Osiris in Book of the Dead
Papyrus and ink
Ptolemaic Period, ca. 332-30 BCE
Gift of Mrs. Elizabeth Milbank Anderson, 1919, OIM 10486
Photo ©Joan Ann Lansberry, 2010

"Papyrus Ryerson (OIM 9787; R) and Papyrus Milbank (OIM 10684; M) were acquired in 1919 by the first field expedition of the Oriental Institute."
(From _The Egyptian Book of the Dead: Documents in the Oriental Institute Museum at the University of Chicago_, edited by Thomas George Allen)

All the papyrus sections are shown in a downloadable pdf. Meanwhile, this small image at the Museum website gives an idea of this scene in context:

© 2006 Oriental Institute, University of Chicago
(From info card)
"This section of the Book of the Dead shows the deceased standing to the right, his arms lifted in adoration of the gods. In the center, the falcon-head Re and the jackal-headed Anubis weight the heart against the feather of truth. The ibis-headed Thoth records the judgment on a papyrus scroll. To the left, Osiris, the main deity of the afterlife, sits in attendance. The 39 seated figured arranged in rows above the scenes are the judges of the 'Hall of Two Truths' who listen to the testimony of the deceased."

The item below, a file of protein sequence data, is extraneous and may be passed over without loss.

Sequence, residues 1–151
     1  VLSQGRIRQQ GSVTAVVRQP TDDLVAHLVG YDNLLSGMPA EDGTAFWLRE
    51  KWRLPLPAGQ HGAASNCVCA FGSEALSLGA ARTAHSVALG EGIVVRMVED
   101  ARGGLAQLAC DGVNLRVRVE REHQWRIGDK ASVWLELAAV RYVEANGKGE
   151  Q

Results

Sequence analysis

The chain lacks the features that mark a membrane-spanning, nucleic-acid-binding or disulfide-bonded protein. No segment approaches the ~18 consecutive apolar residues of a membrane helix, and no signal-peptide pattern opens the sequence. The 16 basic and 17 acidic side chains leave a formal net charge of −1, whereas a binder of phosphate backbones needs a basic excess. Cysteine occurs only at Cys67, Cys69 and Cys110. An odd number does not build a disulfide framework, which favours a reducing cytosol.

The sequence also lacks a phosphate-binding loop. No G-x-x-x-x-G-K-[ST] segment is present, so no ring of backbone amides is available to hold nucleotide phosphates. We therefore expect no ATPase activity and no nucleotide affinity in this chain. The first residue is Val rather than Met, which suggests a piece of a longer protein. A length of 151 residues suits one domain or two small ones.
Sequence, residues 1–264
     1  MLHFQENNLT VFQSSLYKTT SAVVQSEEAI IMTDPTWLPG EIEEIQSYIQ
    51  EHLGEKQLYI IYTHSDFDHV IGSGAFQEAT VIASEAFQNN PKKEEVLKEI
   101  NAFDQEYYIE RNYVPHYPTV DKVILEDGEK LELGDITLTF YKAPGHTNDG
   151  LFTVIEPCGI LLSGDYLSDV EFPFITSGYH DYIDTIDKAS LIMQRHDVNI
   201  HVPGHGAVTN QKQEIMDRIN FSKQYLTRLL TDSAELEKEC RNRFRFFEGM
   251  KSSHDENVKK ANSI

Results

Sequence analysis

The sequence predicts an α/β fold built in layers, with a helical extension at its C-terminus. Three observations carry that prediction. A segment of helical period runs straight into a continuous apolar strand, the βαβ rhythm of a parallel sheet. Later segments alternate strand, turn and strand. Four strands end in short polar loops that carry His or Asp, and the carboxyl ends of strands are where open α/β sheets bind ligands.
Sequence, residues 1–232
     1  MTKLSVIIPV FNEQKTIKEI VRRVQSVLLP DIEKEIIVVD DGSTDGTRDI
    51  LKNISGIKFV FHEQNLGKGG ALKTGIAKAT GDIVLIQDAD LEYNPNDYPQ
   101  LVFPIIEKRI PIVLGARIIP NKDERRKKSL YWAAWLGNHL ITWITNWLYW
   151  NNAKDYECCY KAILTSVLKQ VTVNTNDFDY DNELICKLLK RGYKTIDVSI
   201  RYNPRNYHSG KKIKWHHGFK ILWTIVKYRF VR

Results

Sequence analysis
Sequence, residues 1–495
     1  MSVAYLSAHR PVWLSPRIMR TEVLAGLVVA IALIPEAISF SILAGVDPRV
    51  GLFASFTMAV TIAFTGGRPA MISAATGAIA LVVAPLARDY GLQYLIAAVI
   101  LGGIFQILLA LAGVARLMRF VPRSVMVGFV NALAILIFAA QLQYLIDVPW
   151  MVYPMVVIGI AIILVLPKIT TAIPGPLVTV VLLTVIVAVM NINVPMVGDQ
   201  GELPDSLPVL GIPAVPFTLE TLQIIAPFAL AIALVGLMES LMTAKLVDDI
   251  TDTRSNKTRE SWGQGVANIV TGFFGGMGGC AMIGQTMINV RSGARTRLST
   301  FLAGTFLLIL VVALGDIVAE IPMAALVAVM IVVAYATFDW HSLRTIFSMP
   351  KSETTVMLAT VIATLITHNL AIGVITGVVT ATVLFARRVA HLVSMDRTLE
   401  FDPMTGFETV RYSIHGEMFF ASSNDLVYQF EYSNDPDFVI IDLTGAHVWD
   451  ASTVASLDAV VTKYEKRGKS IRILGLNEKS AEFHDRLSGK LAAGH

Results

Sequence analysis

Note the papyrus stem and umbel wrapped around the pole before Osiris.

OIM 10203
Photo ©Joan Ann Lansberry, 2010

The museum info card gives the meaning of the papyrus as "to be rejuvenated". Wilkinson explains the use of it as an amulet "as a symbol for 'green,' and for concepts such as 'flourish', 'joy,' and 'youth." (_Reading Egyptian Art_, page 123)

The pole around which the papyrus is wrapped is likely an Imiut, also known as the Anubis Fetish or Anubis Emblem. The two tails we see are from an animal skin which has been rejuvenated attached to a rod secured to a container, which usually had magical enchantments. All of this was to protect the dead.